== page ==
Over the past week as this situation has unfolded, VIHA has been committed to the required risk assessment processes around violence in the workplace. In this specific case, a full and complete risk assessment was carried out. This process involved representation from BCNU, HSA, HEU, unit staff, VIHA (Unit Manager, Social Work, Occupational Health, Protection Services and VGH safety advisor). The risk assessment considered what occurred around the incident itself, relevant documents and facts involving family interactions prior to the incident, and the potential risk for future violence. The decision following the risk assessment was unanimous.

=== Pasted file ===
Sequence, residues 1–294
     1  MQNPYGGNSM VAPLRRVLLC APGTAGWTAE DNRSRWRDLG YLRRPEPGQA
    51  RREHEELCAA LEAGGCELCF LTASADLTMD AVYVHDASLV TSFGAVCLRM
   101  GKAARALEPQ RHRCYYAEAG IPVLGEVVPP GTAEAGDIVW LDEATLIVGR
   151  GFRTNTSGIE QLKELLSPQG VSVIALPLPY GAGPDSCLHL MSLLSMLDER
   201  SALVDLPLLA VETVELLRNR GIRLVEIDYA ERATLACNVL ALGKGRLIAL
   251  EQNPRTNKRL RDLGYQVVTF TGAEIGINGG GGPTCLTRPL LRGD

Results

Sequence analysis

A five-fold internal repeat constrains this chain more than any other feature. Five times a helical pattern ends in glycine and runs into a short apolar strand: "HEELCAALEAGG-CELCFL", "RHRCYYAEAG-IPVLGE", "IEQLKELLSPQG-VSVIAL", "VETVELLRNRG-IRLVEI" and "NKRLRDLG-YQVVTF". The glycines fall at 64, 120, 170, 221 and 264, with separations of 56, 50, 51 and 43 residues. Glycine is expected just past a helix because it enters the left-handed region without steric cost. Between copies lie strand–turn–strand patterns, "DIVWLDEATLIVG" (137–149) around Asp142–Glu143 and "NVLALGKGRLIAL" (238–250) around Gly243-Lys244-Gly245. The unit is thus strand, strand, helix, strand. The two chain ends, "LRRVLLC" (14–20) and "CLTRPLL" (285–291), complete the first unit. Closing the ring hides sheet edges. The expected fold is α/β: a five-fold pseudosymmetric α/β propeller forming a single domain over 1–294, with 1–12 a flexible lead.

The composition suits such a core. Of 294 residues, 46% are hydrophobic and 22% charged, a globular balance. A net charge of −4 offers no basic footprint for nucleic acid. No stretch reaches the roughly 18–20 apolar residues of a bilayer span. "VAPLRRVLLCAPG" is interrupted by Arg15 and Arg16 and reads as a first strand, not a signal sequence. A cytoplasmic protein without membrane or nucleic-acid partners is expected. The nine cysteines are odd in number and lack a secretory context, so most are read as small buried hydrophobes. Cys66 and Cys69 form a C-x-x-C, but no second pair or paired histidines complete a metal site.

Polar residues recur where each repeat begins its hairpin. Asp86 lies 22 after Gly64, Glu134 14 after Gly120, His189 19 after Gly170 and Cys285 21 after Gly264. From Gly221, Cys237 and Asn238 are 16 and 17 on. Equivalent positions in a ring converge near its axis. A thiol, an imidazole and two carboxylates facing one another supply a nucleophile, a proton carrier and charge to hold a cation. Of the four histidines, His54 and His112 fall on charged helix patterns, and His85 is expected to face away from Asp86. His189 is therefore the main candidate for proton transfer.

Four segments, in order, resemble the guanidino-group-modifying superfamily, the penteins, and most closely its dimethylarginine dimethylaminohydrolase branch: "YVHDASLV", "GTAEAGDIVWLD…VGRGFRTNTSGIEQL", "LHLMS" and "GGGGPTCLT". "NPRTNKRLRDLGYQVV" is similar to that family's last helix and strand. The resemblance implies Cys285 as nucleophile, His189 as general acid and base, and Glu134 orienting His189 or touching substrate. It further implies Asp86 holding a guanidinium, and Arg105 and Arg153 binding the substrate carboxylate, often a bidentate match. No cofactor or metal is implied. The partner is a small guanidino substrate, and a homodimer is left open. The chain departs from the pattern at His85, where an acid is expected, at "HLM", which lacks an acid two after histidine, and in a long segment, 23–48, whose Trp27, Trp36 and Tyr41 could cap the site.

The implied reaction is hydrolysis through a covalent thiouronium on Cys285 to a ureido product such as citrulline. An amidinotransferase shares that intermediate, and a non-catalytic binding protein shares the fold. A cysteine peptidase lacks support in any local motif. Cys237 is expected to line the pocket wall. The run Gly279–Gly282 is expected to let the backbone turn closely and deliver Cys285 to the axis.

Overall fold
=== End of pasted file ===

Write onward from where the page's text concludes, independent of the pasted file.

VIHA is very aware and concerned about the impact this incident has had on the staff member involved and other staff on the unit.
VIHA also recognizes the stress and concern the current situation is having on the family. Decisions to restrict visitation are not made lightly as we know the importance of family support and visitation in facilitating the recovery process for our patients.
VIHA is exploring ways to support the mother to visit with her son while he remains in hospital. In the short term, this visitation is unlikely to occur on the unit itself, but – as the patient’s condition allows – we are looking at ways to arrange visits in other areas of the hospital. VIHA will be working with the family very shortly to develop visitation arrangements. [Emphasis mine.]